Stop scaring Baltics with Russian tanks, deputy defense minister tells journalists
“We should stop the spreading of these scary tales alleging that Russia intends to send tanks to the Baltic countries, to Sofia or Budapest. No one has any intention to do this. There are no such plans. Russia wants no war. Any statements that say that Russia intends to launch a war are simply ridiculous,” Antonov said in an interview with Deutsche Welle.
“It is a very old trick in the Baltic states – to shout ‘Russians are coming! Save yourselves while you still can!’ It works, it has proven its effectiveness in getting more defense spending for governments and in getting financial aid from such countries as Germany, France or Italy,” the Russian official noted.
Speculation over potential Russian aggression against its neighbors in Eastern Europe as well as other nations has appeared frequently over the past few years. Russian officials have rejected such reports as scaremongering and as attempts to hide real problems behind fiction.
Antonov’s latest comments came soon after the Estonian Information Department released a report in which Russia was named as the only outside force that could threaten Estonia’s constitutional order. Earlier this month US Defense Secretary Ashton Carter named Russia among the main threats to American security.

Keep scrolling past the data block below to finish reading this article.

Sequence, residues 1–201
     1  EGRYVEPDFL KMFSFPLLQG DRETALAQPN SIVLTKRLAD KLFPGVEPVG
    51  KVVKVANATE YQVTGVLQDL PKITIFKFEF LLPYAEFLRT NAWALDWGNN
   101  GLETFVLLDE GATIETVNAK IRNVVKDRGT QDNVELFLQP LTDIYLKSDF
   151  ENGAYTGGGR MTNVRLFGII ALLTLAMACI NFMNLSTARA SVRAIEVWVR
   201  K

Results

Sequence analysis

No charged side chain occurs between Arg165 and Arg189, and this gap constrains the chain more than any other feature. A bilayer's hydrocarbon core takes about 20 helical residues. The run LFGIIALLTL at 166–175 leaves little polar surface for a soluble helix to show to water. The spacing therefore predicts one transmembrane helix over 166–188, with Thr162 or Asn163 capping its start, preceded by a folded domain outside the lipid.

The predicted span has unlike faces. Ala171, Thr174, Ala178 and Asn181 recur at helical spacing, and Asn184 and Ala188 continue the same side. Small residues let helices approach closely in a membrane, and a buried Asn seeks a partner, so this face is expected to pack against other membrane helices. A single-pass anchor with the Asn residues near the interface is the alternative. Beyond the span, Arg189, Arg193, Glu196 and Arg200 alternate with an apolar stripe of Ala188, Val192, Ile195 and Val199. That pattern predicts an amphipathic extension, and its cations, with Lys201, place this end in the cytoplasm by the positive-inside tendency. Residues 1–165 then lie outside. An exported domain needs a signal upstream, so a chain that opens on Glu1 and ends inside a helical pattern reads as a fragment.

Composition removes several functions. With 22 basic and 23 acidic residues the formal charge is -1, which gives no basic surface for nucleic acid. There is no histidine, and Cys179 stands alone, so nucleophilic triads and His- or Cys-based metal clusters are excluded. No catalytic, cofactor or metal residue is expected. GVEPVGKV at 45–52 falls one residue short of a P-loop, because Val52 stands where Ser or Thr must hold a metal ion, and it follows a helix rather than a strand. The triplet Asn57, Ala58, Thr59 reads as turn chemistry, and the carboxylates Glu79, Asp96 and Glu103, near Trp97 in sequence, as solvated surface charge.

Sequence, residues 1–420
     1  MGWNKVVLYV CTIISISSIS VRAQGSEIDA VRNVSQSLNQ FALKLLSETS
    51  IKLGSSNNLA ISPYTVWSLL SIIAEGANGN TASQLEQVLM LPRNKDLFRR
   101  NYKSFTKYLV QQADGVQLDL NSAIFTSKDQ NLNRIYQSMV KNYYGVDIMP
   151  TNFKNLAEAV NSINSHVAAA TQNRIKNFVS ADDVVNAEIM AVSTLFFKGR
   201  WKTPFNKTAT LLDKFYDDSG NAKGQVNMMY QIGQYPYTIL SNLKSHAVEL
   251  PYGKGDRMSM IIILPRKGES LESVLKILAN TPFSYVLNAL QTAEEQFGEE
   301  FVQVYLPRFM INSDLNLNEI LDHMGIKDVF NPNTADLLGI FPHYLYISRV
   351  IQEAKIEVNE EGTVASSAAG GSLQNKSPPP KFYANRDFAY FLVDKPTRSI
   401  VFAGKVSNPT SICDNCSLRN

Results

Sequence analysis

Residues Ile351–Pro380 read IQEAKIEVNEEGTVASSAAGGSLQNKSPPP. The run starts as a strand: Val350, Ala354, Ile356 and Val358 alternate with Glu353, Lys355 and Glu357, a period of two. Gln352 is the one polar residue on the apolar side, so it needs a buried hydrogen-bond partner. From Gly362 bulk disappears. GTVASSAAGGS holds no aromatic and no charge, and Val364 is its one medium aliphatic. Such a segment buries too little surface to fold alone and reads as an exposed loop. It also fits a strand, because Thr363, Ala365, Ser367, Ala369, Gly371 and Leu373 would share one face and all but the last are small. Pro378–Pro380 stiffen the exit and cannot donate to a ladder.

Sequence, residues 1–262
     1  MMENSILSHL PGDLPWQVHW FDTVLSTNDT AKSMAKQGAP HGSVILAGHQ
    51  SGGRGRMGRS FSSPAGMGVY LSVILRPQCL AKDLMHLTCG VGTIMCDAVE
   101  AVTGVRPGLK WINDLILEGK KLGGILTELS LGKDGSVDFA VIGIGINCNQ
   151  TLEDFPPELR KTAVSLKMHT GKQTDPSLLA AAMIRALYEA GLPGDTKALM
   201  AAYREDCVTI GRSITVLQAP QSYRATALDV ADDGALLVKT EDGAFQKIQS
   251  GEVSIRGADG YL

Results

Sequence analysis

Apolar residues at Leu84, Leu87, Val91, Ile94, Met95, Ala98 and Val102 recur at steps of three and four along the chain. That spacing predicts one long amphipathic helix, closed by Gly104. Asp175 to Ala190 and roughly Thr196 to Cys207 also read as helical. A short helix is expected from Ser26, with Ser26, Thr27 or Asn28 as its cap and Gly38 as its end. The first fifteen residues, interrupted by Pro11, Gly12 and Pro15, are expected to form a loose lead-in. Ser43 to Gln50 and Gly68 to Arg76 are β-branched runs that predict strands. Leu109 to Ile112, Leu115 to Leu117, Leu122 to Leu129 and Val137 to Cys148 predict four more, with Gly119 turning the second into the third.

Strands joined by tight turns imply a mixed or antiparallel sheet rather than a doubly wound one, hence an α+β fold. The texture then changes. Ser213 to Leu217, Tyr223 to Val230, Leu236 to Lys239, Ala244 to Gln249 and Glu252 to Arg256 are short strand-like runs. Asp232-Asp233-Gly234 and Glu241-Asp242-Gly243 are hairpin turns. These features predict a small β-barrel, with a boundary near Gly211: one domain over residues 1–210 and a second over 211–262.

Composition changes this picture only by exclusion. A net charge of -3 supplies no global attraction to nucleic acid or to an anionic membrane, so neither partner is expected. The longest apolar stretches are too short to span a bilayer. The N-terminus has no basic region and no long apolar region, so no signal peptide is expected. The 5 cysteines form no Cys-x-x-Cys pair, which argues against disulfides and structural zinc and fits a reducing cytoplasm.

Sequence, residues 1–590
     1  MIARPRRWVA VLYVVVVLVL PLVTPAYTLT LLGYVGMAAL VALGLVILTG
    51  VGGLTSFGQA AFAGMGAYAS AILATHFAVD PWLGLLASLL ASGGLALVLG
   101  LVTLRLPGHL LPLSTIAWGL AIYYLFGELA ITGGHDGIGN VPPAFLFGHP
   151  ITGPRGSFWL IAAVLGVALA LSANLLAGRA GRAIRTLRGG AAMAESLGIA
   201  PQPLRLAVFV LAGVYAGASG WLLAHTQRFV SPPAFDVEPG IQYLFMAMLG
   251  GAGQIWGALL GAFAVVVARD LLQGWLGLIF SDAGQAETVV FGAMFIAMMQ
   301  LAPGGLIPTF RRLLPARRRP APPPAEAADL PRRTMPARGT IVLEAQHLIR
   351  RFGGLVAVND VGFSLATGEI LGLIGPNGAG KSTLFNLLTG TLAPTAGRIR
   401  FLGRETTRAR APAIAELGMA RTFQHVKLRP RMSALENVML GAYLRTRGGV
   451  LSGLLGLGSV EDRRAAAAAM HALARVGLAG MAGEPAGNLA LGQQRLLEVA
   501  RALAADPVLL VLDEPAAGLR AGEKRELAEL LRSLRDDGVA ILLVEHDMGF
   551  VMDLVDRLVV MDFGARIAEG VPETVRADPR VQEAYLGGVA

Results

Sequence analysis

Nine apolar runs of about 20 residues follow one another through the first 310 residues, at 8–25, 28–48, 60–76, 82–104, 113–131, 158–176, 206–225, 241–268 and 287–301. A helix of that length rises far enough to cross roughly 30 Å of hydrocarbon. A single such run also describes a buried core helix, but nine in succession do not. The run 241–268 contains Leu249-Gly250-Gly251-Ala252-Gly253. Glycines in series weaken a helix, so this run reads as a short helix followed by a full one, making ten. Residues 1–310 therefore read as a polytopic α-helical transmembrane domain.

Amid this backdrop of various reports and analysis highlighting the alleged Russian threat, the US military has itself prepared a plan to deploy more troops and weapons in Europe.
According to the Military Times, the United States could soon station “one or more” of its army brigade combat teams to the region. If approved, the new deployment could involve thousands of US troops. An average American brigade combat team (BCT) is composed of between 3,000 and 5,000 personnel. The US Army had four brigades in Europe until 2012, when it decided to deactivate two of them. Recently, the US Army has returned more than 200 vehicles, but those are positioned in warehouses and not attached to permanent combat units.
Russian officials also noted in their explanations that the allegations of Russia’s aggressive plans must be connected with the ongoing discussions on the US military budget. “The reason is simple – the discussion of the military budget in Congress for the next year,” Russian Defense Ministry spokesman Major General Igor Konashenkov said in February. “One needs to remember that the ‘Russian threat’ has been the best-selling threat delivered by the Pentagon not only to Congress, but also to NATO partners since the middle of the previous century,” he said. “What would they do without us?” he added.